A charitable organisation founded in 1824, they provide lifesaving services around the entire UK coastline. The exhibition displays a number of old boats and equipment, and tells the story of the organisation.
RNLI Lifeboat Grace Darling
This was most topical, as only last week, while visiting the Farne Islands, we learned the story of the daring rescue performed by Grace Darling and her dad. The above boat was built in 1954 and served the RNLI for 30 years, the first 13 years at Seahouses, by the Farne Islands.
The Royal Navy originally had 4 rope factories, but Chatham is the only one still making rope. It started in 1618, so yes, next year they celebrate their 400 year anniversary. At over 1,100 feet long, it was the longest brick building in the world.
The upper floor of the 1,100′ building still used to make rope
We scheduled a tour, which was most interesting and informative. The guide starts with the history of the dockyard and introduces the different types of rope they manufactured – all man-made fibres. We then headed upstairs, where he described the entire process of making ropes from many individual fibres. He then demonstrated the process using a machine similar to those on the top floor.
Rope making machine
They start with each half at opposite ends of the building, and start by twisting the yarns into individual strands. The strands are then relocated on the machine and a device added, that when the machine is rotated forms the completed rope.
Judi at the ladies entrance
Until 1864 only men were employed at the dockyard, but with the purchase of spinning machines to create yarn from the fibres, many men were re-assigned and ladies were hired. They worked on a separate floor, had their own entrance and even worked different hours.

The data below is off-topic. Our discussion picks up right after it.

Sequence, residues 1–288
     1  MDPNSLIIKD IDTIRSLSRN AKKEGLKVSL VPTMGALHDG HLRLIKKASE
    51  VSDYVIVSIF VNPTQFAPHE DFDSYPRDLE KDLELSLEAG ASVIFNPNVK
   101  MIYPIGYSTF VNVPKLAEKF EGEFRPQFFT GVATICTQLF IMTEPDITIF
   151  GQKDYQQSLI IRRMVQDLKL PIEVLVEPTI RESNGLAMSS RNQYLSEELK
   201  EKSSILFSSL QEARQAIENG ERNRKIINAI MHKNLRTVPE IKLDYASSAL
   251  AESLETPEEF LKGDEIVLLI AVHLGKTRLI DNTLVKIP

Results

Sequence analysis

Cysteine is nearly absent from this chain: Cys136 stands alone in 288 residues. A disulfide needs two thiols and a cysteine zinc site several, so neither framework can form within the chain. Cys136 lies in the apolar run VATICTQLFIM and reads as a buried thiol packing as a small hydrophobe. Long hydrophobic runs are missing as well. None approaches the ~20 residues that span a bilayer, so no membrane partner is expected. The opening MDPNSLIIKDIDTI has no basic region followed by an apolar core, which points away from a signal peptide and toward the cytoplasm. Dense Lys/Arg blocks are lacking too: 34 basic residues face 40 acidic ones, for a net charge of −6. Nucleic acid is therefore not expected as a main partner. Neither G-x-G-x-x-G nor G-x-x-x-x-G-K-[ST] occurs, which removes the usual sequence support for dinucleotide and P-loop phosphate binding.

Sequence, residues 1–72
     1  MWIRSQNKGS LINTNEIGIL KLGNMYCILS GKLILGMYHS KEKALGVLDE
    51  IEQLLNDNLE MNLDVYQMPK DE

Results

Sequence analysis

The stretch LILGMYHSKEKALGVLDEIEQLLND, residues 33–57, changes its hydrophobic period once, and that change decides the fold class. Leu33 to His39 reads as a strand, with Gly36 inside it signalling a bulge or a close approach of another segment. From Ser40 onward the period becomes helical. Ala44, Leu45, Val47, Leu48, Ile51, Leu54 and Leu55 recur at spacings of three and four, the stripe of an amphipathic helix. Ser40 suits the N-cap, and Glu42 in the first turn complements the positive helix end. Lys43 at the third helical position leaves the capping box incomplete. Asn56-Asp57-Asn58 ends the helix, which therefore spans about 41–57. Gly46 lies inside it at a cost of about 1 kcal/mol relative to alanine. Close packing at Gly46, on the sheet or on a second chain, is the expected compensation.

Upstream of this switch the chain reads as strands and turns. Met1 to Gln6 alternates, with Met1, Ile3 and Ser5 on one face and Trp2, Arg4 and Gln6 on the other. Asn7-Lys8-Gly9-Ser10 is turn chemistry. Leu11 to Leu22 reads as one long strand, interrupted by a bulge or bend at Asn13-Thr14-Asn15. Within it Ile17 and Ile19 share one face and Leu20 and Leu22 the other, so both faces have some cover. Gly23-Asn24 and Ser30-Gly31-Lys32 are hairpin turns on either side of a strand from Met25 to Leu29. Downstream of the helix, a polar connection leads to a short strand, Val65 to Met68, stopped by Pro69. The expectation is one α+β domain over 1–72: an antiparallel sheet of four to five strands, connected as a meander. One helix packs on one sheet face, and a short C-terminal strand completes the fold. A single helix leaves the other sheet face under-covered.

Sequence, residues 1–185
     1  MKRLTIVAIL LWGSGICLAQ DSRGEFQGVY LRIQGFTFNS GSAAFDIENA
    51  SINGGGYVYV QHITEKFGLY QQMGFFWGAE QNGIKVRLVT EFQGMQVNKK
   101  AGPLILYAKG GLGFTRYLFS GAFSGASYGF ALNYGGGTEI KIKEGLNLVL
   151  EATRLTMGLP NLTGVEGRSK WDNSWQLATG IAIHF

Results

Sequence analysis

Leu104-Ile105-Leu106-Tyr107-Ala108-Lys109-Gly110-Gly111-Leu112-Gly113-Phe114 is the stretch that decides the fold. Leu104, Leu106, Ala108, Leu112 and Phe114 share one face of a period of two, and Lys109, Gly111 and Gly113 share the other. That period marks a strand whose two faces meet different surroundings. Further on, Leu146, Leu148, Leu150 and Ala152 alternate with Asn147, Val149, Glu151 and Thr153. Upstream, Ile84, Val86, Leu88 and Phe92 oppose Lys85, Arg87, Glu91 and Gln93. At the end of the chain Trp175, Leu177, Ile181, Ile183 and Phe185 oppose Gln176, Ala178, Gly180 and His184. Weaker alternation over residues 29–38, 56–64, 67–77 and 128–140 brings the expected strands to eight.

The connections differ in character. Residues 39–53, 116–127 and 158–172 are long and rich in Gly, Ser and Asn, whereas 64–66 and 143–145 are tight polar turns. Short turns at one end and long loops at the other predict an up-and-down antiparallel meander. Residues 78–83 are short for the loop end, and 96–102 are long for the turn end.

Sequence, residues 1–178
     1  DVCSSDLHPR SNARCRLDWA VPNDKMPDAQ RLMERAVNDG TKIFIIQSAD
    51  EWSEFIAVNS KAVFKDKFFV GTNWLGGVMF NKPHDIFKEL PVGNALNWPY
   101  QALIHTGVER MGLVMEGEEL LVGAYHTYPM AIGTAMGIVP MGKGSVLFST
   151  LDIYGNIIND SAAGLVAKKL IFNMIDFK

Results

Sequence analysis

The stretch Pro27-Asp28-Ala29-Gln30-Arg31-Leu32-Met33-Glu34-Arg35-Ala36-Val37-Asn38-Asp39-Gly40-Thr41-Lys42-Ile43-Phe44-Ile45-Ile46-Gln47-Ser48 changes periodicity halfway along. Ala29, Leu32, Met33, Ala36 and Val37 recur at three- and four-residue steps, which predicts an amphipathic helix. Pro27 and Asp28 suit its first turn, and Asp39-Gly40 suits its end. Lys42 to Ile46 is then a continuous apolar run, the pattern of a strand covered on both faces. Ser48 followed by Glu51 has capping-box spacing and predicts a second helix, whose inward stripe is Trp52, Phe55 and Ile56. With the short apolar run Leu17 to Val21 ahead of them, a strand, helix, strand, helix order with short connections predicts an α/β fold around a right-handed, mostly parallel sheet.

They have 2 ships and a submarine on display, in 3 of the old drydocks.
HMS Cavalier, a WW 2 destroyer built on the Isle of Wight and launched in 1944. She completed war service and remained in service until 1972. This ship is open to visitors. At the head of the dock is a plaque advising this was the building dock used for Nelson’s flagship, HMS Victory, which was launched at Chatham in 1765.
Plaque identifying the building dock of HMS Victory, Nelson’s flagship
HMS Gannet, a combination steam and sailing vessel
Launched in 1878, she could make almost 12 kts with steam, but 15 kts under sail. Decommissioned after less than 30 years in 1895, she became an RN training ship and then laterally a dormitory ship for naval trainees at Hamble.
HMS Ocelot – diesel submarine
An Oberon class diesel electric submarine, she was commissioned in 1964, spending 27 years in RN service. Timed tickets are required to visit the submarine, which are available from the main entrance.
# 1 Smithery
This is a diverse collection of displays, comprising hands on exhibits to a large gallery displaying works of art and ship models.
Pipe bending shop
The pipe design was created on the floor using pegs stuck in the holes. When the hot pipe was removed from the furnace, it was shaped on the floor around the pegs. A simple, but effective process.
Old Blacksmith’s shop
This was the most senior person at the dockyard, who received luxury accommodation and a significant salary.
The Commissioners Mansion
In 1803, the Commissioner received a salary of UKP 1,000 per annum, which is a substantial figure. Converted to today’s money, it is the equivalent of many hundreds of thousands of pounds.
The highly skilled Shipwrights were paid about UKP 72 to 75 per annum, which equates to about UKP 70,000 in today’s money. A substantial salary.
With only about 3 hours the first day, we returned for a full 2nd day, but still only visited maybe 1/2 the attractions. If returning, I would definitely be at the entrance when they open at 10:00 and plan to stay the full day. The dockyard is also very kid friendly, with lots of kid’s activities.